No, no. There are two opposition leaders… in Venezuela there are 18 political parties, [and] 15 are participating in the [May 20 election]. Mr. Leopoldo Lopez called for violence in 2014, and a tribunal of justice at the request of attorney general Luisa Ortega Diaz [ordered his imprisonment].

The Leopoldo Lopez trial was replete with irregularities. The prosecution’s star witness released an open letter at the conclusion of the trial stating unequivocally that the trial judge had deliberately misinterpreted her testimony on Lopez’s speeches to justify her conviction. Luisa Ortega Diaz, the attorney general whom Rodriguez cited in his answer as the one responsible for securing Lopez’s arrest, said in February of this year that she came under direct pressure from the Maduro regime to convict Lopez at all costs, a fact which “forced her” to falsify the case against him.

Rodriguez is currently on a European tour in which he seeks to bolster the Maduro regime’s tattered reputation.

The full interview, which is in Spanish, can be found here.

NGO: CNE Not Breaking Its Own Rules

The Centro de Justicia y Paz [Justice and Peace Centre] (CEPAZ), a Venezuelan human rights NGO, issued a statement today in which it pointed out that the Consejo Nacional Electoral (CNE), the regime’s electoral body, is not complying with its own regulations in its rush to hold presidential and regional elections on May 20.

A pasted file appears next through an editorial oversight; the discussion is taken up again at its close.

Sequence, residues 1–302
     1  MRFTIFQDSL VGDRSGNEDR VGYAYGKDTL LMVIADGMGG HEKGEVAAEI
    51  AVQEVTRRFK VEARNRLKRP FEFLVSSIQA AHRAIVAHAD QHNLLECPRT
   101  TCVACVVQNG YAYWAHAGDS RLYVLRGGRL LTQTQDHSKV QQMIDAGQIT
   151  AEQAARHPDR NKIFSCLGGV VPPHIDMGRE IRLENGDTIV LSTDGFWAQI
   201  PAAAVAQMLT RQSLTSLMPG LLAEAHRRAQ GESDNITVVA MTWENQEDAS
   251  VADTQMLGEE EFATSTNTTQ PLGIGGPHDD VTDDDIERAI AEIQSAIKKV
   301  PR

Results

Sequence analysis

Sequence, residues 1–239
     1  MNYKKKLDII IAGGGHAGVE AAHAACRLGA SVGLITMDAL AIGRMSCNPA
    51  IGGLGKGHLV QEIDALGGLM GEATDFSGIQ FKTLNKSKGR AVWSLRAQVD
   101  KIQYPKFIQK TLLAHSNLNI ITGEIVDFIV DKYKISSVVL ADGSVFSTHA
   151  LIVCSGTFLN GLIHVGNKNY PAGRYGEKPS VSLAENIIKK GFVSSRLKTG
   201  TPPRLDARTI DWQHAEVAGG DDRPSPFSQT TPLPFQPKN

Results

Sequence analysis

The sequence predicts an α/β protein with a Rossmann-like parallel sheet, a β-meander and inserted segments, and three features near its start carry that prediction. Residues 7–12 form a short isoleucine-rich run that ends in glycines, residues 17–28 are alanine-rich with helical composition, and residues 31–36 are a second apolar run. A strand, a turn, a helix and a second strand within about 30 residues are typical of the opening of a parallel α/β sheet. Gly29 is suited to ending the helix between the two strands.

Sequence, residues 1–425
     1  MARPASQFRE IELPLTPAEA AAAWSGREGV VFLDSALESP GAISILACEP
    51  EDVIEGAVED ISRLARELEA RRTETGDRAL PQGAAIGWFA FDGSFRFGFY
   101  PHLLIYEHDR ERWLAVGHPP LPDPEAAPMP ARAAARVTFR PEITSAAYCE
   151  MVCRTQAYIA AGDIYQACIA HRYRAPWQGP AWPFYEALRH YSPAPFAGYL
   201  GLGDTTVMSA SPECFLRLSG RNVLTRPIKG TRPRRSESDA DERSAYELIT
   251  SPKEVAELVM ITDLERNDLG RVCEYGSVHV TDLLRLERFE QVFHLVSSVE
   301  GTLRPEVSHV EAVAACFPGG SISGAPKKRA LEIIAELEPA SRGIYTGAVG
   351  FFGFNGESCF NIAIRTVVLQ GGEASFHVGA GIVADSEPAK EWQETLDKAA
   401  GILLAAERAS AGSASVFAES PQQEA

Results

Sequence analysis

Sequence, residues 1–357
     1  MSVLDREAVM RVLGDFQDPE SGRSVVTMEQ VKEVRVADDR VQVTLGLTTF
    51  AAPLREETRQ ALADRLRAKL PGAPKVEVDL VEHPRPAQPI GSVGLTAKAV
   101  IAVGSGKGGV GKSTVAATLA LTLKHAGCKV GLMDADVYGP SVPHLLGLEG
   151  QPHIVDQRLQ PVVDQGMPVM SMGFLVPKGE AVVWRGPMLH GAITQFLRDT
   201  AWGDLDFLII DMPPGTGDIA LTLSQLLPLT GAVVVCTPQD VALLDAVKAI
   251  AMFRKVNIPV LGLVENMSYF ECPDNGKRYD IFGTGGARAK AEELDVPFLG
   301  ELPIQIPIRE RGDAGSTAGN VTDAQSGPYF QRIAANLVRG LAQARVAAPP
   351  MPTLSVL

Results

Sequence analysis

CEPAZ director Beatriz Borges gave a press conference today in which it highlighted some of the ways in which the CNE is failing to adhere to its standards in preparing for the vote.

One piece of evidence that CEPAZ provided for its claim was the fact that the CNE only opened 170 electoral registration centres where Venezuelans who are not registered to vote can do so in order to participate in the election. The CNE said that it would open up 531, meaning that an untold number of Venezuelans were likely unable to register.